Dissertation Abstracts

Second Generation Mozambican Migrant Youth’s Identity and Sense of Belonging in South Africa: The Case of Rural Bushbuckridge, Mpumalanga

Author: Betty Chiyangwa, bettychiyangwa@yahoo.com
Department: Department of Sociology
University: University of Johannesburg , South Africa
Supervisor: P. Rugunanan and K. Batisai
Year of completion: In progress
Language of dissertation: English

Keywords: Mozambican , second-generation , youth , Bushbuckridge
Areas of Research: Migration , Youth , Senses and Society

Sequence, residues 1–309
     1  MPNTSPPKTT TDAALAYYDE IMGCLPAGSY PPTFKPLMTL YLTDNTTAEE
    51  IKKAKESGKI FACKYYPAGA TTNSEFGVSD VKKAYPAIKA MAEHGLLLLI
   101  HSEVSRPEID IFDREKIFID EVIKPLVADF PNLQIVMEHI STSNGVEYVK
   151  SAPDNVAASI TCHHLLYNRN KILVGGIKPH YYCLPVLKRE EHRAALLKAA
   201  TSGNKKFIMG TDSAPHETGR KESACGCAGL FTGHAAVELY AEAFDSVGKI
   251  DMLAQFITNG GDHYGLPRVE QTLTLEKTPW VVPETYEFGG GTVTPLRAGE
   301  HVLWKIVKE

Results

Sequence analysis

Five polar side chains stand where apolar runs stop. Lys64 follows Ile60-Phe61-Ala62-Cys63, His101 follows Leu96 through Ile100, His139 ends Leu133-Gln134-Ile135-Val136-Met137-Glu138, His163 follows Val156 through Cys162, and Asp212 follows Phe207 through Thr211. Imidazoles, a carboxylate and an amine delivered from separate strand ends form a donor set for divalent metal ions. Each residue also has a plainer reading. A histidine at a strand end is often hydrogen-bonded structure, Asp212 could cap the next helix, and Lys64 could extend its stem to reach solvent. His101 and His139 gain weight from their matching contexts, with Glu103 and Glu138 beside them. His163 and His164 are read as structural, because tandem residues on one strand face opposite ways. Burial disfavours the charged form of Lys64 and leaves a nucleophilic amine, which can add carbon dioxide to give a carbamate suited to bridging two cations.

This thesis is centred on exploring the complexities surrounding second generation Mozambican migrant youth’s experiences in an attempt to construct their identity and developing sense of belonging in post-apartheid South Africa, precisely in Bushbuckridge. Established in 1884, Bushbuckridge is one of the earliest districts to accommodate Mozambicans who migrated to South Africa in the 1970s and 1980s. This study is governed by four major objectives. The first objective observes how second generation Mozambican migrant youth who are living in South Africa negotiate and construct their own identities. The second objective is an exploration of second generation Mozambican migrant youth narratives regarding their sense of belonging in South Africa. Thirdly, the study intends to understand ways in which identity and belonging influence second generation Mozambican migrant youth experiences and future aspirations in South Africa. The last objective examines how Sen’s Capability approach is relevant in understanding second generation Mozambican migrant youth identity and belonging in South Africa. This is a single case study informed by data gathered from semi structured interviews and narratives with youth between the ages of 18 and 34, who are born and raised in South Africa to at least one Mozambican parent and living in Bushbuckridge. Drawing from Crenshaw’s Intersectionality approach and Sen’s Capability approach this study significantly contributes to the existing body of knowledge on South to South migration through demonstrating how Intersectionality approach and Capability approach is operationalized towards understanding the complex experiences and capabilities of disadvantaged group simultaneously. The subject of second generation migrants is often under researched in the context of migration in South African thus their opinions and views have often been marginalised in Social Science research. In conceptualising the concept of identity among second generation migrant youth, this thesis explores the historical developments of first and second generation migrants among Mozambicans in South Africa. Through exploring migrant groups from a historical and present perspective, this research reveals how being born to a migrant parent(s) and raised in a hosting country complicates one’s identity and sense of belonging. In the quest of forming their identities and constructing sense of belonging, migrants establishes resilient unity closely linked to Crenshaw’s notion of agency and space. Bushbuckridge as a destination for Mozambican migrants is crucial to their search for social freedom and a space to “belong to”. The action of deliberately seeking freedom is known as an act of agency. Youth is often understood as a social process though forgetting numerous ways youth play an active role in constructing their social world. Perceiving youth from such a stand point overlooks their capability to define and construct their own identity.